ELLENBURG DEPOT - The culture and music of Tuva will be brought to Northern Adirondack Central School next week.
Tuva, situated at the southern edge of Siberia, is home to Alash, a throat-singing quartet that combines traditional Tuvan music with modern influences.
Throat-singing, known as "x mei" in Tuvan, is the ability to vocally produce more than one sound at a time.
"They try to achieve more of those overtones that the human voice naturally produces," said Brian Baker, a music teacher at NAC elementary school. "So, when you listen to it, you actually hear two sounds at the same time."
Alash also brings traditional Tuvan instruments into their concerts.
"They have drums and they have several styles of string instruments," Baker said. "They're very different than anything you've ever seen. They're all handmade, exquisitely carved."
Baker, who first heard Alash in Burlington, Vt., last year, made contact with the band and will be bringing them to the area Feb. 23-25.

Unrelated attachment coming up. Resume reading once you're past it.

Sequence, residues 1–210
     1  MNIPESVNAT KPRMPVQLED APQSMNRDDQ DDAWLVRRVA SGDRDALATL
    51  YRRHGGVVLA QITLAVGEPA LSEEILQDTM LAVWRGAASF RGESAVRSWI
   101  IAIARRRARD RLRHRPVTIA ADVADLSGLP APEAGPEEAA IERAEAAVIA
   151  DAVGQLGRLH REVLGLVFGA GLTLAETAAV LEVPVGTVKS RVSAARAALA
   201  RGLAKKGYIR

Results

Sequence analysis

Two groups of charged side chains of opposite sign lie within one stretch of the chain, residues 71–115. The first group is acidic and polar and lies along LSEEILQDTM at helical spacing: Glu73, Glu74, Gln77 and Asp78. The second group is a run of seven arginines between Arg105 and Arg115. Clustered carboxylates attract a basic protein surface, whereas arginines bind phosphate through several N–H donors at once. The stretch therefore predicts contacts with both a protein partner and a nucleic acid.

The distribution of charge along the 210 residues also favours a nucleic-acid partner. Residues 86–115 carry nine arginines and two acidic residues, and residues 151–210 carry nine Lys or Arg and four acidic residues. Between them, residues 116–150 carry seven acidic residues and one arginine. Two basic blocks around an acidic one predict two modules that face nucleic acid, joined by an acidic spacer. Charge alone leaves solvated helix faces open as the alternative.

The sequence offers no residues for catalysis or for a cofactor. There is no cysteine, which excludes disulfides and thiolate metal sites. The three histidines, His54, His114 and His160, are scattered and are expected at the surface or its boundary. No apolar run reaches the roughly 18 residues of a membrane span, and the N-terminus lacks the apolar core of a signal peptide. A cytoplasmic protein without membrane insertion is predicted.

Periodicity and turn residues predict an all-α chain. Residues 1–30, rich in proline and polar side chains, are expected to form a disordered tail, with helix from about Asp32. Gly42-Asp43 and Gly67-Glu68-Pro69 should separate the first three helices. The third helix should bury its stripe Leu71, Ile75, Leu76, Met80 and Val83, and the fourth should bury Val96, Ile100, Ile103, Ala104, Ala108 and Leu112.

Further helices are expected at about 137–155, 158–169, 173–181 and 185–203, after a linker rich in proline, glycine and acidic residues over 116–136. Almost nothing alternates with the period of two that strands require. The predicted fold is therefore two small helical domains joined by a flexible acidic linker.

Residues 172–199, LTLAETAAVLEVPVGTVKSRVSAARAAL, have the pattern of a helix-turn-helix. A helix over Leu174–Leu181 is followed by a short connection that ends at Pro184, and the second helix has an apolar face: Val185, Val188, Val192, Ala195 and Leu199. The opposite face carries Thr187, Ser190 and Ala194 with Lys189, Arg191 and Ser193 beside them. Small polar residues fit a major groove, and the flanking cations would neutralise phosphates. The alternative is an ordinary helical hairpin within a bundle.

"I was amazed just at what I was watching and listening to," Baker said of the concert. "It's so different. I wanted to share that with the community where I teach." "I just couldn't believe the level of quiet in the auditorium," he added. "It was just this [magical] effect they had on the audience."
As a music teacher, Baker knew Alash would fit will with the New York State curriculum on world music. He has been doing research on the Tuvan culture to help them better understand the history behind throat-singing.
"It's really connected to nature," he explained. "They try to emulate the sound from nature. Like the bubbling streams or the clouds rolling by."
"It's their way of communicating with nature," Baker added.
During Alash's stay, they will be hosting workshops with the students during Baker's music classes.